There are many genres under the comics umbrella, and readers come to comics for just as many reasons. Marvel and DC continue to pull strong numbers, but indie publishers like IDW, Image, Fantagraphics, and Top Shelf are responsible for a wide variety of properties too, among them series like the space epic Saga and the long-running magical realist slice-of-life series Love and Rockets. Increasingly, bigger houses that don’t typically publish visual storytelling are getting involved, which may have some bearing on the continued rise of the market. Scholastic publishes Raina Telgemeier’s graphic novels, while Marjane Satrapi’s Persepolis is published by Pantheon. These properties each have distinct fans and social contexts, and simply making a comic accessible digitally is not the same thing as providing the whole experience.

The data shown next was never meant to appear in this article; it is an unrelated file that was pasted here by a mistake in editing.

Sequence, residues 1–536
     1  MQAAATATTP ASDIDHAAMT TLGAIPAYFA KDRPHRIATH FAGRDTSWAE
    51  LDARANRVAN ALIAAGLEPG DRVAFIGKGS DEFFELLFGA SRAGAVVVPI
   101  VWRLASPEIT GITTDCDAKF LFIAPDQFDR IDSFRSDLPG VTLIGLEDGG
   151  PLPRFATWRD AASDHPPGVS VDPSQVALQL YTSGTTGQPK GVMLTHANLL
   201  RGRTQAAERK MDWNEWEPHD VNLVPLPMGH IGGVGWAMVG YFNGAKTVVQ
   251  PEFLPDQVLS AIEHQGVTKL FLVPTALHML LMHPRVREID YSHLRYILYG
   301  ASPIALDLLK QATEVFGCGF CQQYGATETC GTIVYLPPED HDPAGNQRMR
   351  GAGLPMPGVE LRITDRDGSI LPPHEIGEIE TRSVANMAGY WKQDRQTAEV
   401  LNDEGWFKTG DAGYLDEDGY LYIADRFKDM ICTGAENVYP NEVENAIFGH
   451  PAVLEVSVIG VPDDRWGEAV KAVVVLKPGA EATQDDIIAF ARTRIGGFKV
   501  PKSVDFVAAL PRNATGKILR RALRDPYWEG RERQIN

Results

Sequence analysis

The identification of these three components isn’t meant to scare publishers away from pursuing digital comics but to ask them to think critically about the ways in which they do so. It’s difficult at best to exactly replicate the physical experience of reading a print edition, and that goal may not be useful. Perhaps, in the future, comics publishers will look to create a complementary digital experience instead. What’s clear is that readers are hungry for these titles; finding new ways to deliver them satisfactorily will be a challenge, but one well worth undertaking.